built in Greenock, Scotland, was sent to rescue the Greely party. By the time the Bear, and ships, Thetis and Alert, arrived on June 22, 1884 to rescue the expedition (which by then had painstakingly relocated to Cape Sabine), nineteen of Greely's 25-man crew had perished from starvation
Starvation is a severe deficiency in caloric energy, nutrient and vitamin intake. It is the most extreme form of malnutrition. In humans, prolonged starvation can cause permanent organ damage and eventually, death...

, drowning
Drowning is death from asphyxia due to suffocation caused by water entering the lungs and preventing the absorption of oxygen leading to cerebral hypoxia....

, hypothermia
Hypothermia is a condition in which core temperature drops below the required temperature for normal metabolism and body functions which is defined as . Body temperature is usually maintained near a constant level of through biologic homeostasis or thermoregulation...

, and in one case, gunshot wounds from an execution ordered by Greely.

Greely and the other survivors were themselves near death; one of the survivors died on the homeward journey. The returning survivors were venerated as heroes, though the heroism was tainted by sensational accusations of cannibalism during the remaining days of low food.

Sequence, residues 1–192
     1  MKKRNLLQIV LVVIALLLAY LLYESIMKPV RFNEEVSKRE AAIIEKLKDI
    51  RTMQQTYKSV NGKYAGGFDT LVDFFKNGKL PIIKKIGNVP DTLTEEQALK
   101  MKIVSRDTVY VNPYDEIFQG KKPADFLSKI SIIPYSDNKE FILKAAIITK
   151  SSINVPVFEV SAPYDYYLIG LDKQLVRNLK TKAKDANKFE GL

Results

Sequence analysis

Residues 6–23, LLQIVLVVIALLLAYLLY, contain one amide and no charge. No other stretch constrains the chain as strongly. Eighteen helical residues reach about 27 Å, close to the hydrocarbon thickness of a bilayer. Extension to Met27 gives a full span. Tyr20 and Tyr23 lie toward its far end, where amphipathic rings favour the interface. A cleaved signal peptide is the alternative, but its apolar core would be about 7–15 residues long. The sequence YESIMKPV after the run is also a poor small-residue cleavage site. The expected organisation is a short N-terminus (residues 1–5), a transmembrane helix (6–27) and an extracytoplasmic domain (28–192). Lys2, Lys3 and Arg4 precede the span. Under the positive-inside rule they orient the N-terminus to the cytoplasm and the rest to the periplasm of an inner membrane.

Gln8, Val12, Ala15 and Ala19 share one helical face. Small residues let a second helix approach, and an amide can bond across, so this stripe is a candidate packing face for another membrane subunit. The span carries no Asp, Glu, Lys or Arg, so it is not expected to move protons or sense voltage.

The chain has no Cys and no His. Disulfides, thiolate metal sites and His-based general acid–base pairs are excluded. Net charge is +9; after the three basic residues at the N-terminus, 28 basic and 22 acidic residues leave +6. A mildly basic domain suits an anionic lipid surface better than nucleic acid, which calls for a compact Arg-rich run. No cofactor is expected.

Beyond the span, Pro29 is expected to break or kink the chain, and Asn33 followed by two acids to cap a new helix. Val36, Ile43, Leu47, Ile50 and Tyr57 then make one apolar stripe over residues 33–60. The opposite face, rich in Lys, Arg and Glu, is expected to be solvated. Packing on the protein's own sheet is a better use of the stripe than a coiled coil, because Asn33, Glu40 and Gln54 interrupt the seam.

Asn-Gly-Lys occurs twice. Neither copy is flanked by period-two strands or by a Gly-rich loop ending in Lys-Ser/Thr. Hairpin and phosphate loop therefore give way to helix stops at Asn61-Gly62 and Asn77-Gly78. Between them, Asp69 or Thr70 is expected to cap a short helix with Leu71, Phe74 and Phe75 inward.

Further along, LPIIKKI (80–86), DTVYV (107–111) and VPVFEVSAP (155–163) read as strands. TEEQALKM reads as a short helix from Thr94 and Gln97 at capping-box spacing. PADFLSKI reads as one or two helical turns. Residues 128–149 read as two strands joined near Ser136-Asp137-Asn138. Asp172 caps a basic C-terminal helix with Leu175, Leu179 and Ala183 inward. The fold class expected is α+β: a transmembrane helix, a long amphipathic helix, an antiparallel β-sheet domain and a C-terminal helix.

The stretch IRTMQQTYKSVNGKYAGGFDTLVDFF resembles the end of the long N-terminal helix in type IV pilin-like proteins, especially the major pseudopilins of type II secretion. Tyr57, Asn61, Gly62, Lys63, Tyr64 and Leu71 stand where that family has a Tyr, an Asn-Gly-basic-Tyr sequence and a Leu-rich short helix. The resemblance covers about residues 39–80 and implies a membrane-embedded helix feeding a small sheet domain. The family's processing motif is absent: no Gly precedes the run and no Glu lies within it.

The story of this remarkable journey has been published numerous times, the most definitive of which is Abandoned: The Story of the Greely Arctic Expedition 1881-1884, written by Alden Todd. On his rescue, see Stephen K. Stein, "The Greely Relief Expedition and the New Navy" (International Journal of Naval History, December 2006). The story was also featured on PBS' American Experience
American Experience
American Experience is a television program airing on the Public Broadcasting Service Public television stations in the United States. The program airs documentaries, many of which have won awards, about important or interesting events and people in American history...


Later career

In June 1886, he was promoted to Captain after serving twenty years as a Lieutenant and, in March 1887, President Grover Cleveland
Grover Cleveland
Stephen Grover Cleveland was the 22nd and 24th president of the United States. Cleveland is the only president to serve two non-consecutive terms and therefore is the only individual to be counted twice in the numbering of the presidents...

 appointed him as Chief Signal Officer of the U.S. Army with the rank of Brigadier General.

During his tenure as Chief Signal Officer
United States Army Signal Corps
The United States Army Signal Corps develops, tests, provides, and manages communications and information systems support for the command and control of combined arms forces. It was established in 1860, the brainchild of United States Army Major Albert J. Myer, and has had an important role from...